EIA created a profile of marketed natural gas production using well completion and production data from IHS Global Insight and DrillingInfo Inc. that shows a dramatic increase in production associated with hydraulic fracking. In 2000, approximately 26,000 hydraulically fractured wells produced 3.6 billion cubic per day (Bcf/d) of marketed gas in the United States, making up less than 7% of the national total. By 2015, the number of hydraulically fractured wells had grown to an estimated 300,000, and production from those wells had grown to more than 53 Bcf/d, making up about 67% of the total natural gas output of the United States. These results may vary from other sources because of the types of wells included in the analysis, update schedules of source databases, and the specific types of natural gas volumes analyzed.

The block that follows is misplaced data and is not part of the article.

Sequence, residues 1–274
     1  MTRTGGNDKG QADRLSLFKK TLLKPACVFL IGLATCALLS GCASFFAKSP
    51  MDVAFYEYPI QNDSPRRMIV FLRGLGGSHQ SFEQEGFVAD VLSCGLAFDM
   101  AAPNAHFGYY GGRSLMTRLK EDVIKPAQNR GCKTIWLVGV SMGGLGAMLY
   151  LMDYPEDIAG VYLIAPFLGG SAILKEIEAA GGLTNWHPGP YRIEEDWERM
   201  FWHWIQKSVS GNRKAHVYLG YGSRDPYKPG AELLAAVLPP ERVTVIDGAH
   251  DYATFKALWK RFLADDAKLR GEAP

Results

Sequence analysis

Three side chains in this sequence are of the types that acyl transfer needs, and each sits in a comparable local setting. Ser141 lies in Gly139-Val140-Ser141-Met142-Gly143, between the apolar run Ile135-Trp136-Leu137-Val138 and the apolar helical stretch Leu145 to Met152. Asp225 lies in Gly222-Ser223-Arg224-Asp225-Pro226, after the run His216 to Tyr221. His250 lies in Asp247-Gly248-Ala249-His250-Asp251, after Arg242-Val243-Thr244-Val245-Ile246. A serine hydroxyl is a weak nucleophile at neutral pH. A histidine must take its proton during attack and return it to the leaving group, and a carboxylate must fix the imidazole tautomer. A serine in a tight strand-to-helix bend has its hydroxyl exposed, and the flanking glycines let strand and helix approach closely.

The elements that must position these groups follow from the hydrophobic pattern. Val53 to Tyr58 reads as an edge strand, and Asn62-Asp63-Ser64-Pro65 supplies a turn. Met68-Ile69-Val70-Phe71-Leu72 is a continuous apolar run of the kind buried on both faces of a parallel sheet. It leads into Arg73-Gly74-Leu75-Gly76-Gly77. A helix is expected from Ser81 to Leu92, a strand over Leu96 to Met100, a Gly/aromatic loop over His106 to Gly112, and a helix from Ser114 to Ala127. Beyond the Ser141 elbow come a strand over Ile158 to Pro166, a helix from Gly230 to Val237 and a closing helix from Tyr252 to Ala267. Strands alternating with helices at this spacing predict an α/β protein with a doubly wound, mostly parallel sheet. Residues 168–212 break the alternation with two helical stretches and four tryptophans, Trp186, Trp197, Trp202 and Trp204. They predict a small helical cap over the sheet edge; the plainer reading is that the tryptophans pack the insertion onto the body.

Fracking has been around since the 1950s, but it wasn’t until the past ten years that it started to become a game changer. Companies figured out that they could first drill vertically down into shale formations before drilling horizontally along these rock layers, and then hydraulically fracture the shale to release the hydrocarbons trapped within. Combining fracking with horizontal well drilling set off the shale boom, and it boosted the percentage of U.S. gas production aided by fracking from under 7 percent in 2000 to 67 percent in 2015.In the process, fracking has of course also reversed declines in oil and gas production, and more than that has significantly boosted our output of both important hydrocarbons. In the span of years, not decades, this technology has completely remade the American energy landscape. Its benefits are manifest and its bona fides are unquestionable—that it now produces half of our oil and two thirds of our natural gas is nothing less than jaw dropping.